valley & co. tips :: choosing a tent style

Wedding tents aren’t just for inclement weather! We love a beautiful tent to provide a sense of space, shade from the heat, and a sweetly designed visual space that guests can enjoy all day and night long. Whether a tent is for the ceremony, for cocktails, or for dinner and dancing, knowing what kind of tent is available in your market and what is the best fit for your space is the first step.

The most common kind of tents are:

Sailcloth or Sperry Tent – this tent is, in our humble opinion, just spectacular to look at! The poles are wood and the tent itself is made of heavy-duty sail cloth. These tents are quite stately and don’t require any interior draping. They are staked into the ground, so space needs to be clear for that – check with the venue or your property for sprinkler, electrical, and gas lines. These tents also have center poles used for support, so this needs to be take into consideration when creating your layout and seating plan. Depending on the size of the tent, a pole could be staged every 20 feet. Virtually any kind of chandelier can be suspended inside and globe lights can be strung throughout or around the perimeter like you see here (this image also happens to be the cover of our book – we love it!).

Photo: O’Malley Photographers for Valley & Company Events

Photos: Christine Chang Photography for Valley & Company Events

Clear-Top Frame Tent: a favorite tent for shady locations, these tents are a standard frame tent with a clear plastic ceiling – they really allow an enchanting feeling, allowing the trees and stars to be visible. Some clear-top tips: these tents are not ideal for weddings or parties with no shade – they can heat up really quickly and feel like a greenhouse. We recommend these tents for locations on the water not in all-day sunlight, and areas that are shaded and breezy. Talk to your rental company as well to ensure the tent is in good condition – not scratched – as you’ll be able to see that. We love chandeliers in these tents or fairy lights.

Photos by Martin + Stelling for Valley & Company Events

Cabana Structures: ideal for outdoor weddings where it’s breezy and warm (like Hawaii or Southern California), these structures are pure magic and provide that sense of space but also feel like a special open-air setting made just for you. These structures can be enhanced with draping and lights – the draping will generally feel breezy but will provide some shade, though not as much as an actual tent. This wedding was set on Maui and is one of our new favorites – we love cabanas!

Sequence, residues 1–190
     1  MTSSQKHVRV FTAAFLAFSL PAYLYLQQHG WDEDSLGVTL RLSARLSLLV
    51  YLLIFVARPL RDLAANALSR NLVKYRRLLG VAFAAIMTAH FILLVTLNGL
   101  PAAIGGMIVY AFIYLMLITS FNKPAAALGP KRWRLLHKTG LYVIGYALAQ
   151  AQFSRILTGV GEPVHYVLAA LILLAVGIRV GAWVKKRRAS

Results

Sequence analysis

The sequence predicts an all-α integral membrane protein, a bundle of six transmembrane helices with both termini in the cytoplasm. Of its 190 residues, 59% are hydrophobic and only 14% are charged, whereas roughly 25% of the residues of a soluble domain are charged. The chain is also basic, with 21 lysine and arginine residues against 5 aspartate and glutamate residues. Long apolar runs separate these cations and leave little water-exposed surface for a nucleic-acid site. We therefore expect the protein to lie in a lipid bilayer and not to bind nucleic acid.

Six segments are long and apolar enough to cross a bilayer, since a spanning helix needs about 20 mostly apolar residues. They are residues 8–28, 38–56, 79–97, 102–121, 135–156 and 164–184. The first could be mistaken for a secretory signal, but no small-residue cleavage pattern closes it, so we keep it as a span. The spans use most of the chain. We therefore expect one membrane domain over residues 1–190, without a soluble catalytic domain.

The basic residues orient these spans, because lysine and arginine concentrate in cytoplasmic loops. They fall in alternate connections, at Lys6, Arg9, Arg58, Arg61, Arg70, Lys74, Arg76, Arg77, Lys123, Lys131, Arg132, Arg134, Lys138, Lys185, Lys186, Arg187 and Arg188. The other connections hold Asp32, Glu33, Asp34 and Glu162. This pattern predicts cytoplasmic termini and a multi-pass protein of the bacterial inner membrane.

Photo: O’Malley Photographers for Valley & Company Events

Venue: Steeple House, Maui   Cabanas: Rio Event Design   Catering: Sugar Beach Events

Tension Tent – similar to a sail cloth tent in style, this tent stretches and uses the tension in the poles for structure. It needs to be staked into the ground. Generally these come in a heavy-duty plastic and they’re a good option to a sail cloth tent if you don’t have a carrier of sail cloths in your area. 

Photo: C2 Photography for Valley & Company Events

Frame Tent – a common tent style, frame tents do not have poles in the center – these tents are like a big rectangle and sometimes have tension wires inside. Things to know about this kind of a tent: they need draping and pole covers, otherwise you’ll see the metal poles exposed. These can either be weighted down (with cement piers) or staked into the ground. These tents can come in all sizes and can house up to several hundred guests.

Photos: Chantal Anderson for Valley & Company Events

Tipi Structures – these authentic Native American structures can make for cozy and comfy intimate lounge settings like we created here at this private estate wedding.

Photo by Martin + Stelling for Valley & Company Events

A few other pro tent tips:

  • Ask your tent company to include pole drapes for that ethereal look – you can dress them up with greens and flowers easily for an added layer of design and magic
  • Big fans can also be installed in tents (they come in colors that can gel with your scenery) to keep air flowing on hot days and heaters can be installed with thermostats you can set
  • A whisper-quiet generator (or two) is great to have to run power for the tent lighting – keeping that lighting separate from your band or DJ means you can control the lights and quickly troubleshoot if they go out
  • Plan in advance how long a tent will take to install – does the rental company need to floor the space before hand? If so, this is a big production and can take several days. Pad this install timing into your timeline and know setting up a tent alone can take an entire day
  • All of these tent styles allow for sidewalls

We could go on and on, but these helpful tenting tips should give you a good jumping off point to determine what your tenting style is!



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